Have you ever watched one of those really great documentaries? You know, the kind where you’re pulled into the material, even if you may not be terrifically interested in the topic to begin with? Then you suddenly find you’re able to have a really intelligent conversation about the topic later. How did that happen? It’s simple: you were entertained, and the creators captured, and held your attention.
That’s one of the ways that eLearning works. Learning is fun and engaging, even entertaining. You retain more. And it’s effective.
Think back to your first day on your first job. You might have participated in an orientation, during which management addressed you as a new hire. You might have gotten a tour of the company. You would have been given handbooks and manuals, and reviewed those folders throughout your orientation experience. You would have sat through lectures about policies and procedures. You might have been one of several people in that batch, or you may have been a single new hire for your specific position. Having completed that part of the training, you would then “shadow” someone for a period of time, then eventually take on the full responsibilities of your job. And you would have gone through the process dutifully and confidently — perhaps even stoically — hoping that you would eventually feel comfortable with your coworkers and colleagues, and with your new position and accountabilities.
If you’re a Millennial entering the workforce, you would find the above scenario frustrating, and in a word, boring.
And boring almost inevitably leads to employee turnover. Which costs. A lot!
Resources that are spent hiring, training and developing new employees often walk right out the door because the employee is not satisfied with his or her experience of that company, and they leave. That experience begins on day one of training.
Consider that the Millennial generation has no qualms about seeking employment elsewhere if they don’t experience immediate satisfaction with their job. And satisfaction to this new generation means: a personal connection to what they are doing, a company that shows it cares, interactive learning, and way to discuss their training socially. Embedded within these core values is a need to trust their employer, and to be well-informed about the company with whom they are working. In addition, Millennials are resourceful, independent and adventurous.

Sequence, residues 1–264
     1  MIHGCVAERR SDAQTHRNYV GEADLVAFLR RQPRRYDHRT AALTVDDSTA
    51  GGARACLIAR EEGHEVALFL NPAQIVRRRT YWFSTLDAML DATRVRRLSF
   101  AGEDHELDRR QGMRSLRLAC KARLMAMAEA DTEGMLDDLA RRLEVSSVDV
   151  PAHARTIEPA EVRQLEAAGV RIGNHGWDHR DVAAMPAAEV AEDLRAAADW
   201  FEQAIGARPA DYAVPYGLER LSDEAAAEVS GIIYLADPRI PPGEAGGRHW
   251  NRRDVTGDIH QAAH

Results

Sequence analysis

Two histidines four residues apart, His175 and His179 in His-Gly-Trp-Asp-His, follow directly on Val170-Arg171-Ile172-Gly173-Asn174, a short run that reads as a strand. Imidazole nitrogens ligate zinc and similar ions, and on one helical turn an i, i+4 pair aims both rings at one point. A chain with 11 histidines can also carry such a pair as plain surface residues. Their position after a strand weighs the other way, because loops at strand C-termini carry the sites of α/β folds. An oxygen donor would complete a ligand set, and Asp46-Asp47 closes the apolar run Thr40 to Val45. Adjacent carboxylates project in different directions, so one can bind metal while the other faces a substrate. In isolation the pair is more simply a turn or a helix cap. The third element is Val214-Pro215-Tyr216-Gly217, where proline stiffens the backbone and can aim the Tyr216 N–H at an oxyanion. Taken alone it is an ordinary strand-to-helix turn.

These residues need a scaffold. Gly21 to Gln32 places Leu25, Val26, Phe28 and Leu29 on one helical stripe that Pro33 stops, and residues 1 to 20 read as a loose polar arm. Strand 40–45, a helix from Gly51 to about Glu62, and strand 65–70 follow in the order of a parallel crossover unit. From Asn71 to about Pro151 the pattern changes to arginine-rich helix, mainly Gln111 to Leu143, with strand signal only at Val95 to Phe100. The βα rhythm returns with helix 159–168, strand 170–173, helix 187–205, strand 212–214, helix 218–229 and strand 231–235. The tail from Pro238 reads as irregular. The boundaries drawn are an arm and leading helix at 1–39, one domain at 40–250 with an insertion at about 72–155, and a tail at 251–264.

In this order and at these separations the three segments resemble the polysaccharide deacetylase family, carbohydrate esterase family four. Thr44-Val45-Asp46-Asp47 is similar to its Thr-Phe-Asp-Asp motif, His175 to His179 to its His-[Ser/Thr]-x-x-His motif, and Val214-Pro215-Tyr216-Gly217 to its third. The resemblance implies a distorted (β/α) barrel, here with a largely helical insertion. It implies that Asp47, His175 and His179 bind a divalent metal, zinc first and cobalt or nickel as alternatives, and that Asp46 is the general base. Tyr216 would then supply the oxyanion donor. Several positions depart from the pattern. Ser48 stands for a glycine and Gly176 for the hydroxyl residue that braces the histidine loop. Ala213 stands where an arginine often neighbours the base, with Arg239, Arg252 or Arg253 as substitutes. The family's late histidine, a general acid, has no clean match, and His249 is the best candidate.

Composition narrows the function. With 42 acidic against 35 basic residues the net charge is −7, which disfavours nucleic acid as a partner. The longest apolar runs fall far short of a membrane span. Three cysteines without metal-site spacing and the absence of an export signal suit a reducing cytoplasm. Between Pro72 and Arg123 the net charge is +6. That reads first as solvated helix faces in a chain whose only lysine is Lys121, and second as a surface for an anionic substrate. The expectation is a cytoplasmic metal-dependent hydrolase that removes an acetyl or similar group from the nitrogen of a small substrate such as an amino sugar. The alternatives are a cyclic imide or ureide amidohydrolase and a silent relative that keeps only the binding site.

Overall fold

So how does an employer effectively harness the power of eLearning for a new generation? It’s actually very simple: find out what Millennials need, and address those needs.
- First, present the material in an engaging, even entertaining way. eLearning blurs the line between entertainment and training. This is not to say that everything is a sitcom. But, communicating the content in everyday language allows for a space of relatedness between the organization and its employees. Many eLearning systems employ scenarios or real-life situations as teaching tools. Learners experience and participate in the training rather than simply “downloading” the information into their brains.
- Next, break up the learning content into bite-sized chunks of information, rather than a huge lump of lessons or lectures. Vary the presentation. Only a few people from any generation learn effectively if presented with an hour-long lecture. Different characters, changing screens, even changing background music, can all enhance and enliven the learning experience.
- Further, make room for interactivity. Allow for learners to discuss the material. Learners can review the material independently, and also as a community. Include “knowledge checks” in the Learning Management System so that learners can track their own progress. This gives each person the experience of personal involvement in their training process.
Along the way, be aware of the flexibility and informal nature of eLearning. This provides a low-pressure, highly effective way of learning important and vital information for all employees, not just Millennials. In turn, this means that all employees can receive ongoing training as the company grows and adapts to a changing world. Additionally, creating ways to engage your learners gives the impression that the organization cares about what their employees are learning, and how they are learning it.
People respond very positively when they know that their organization cares.
In our next blog post, we’ll talk about how eLearning benefits people by developing skills and skill sets. We’ll look at eLearning in terms of personal and professional growth.
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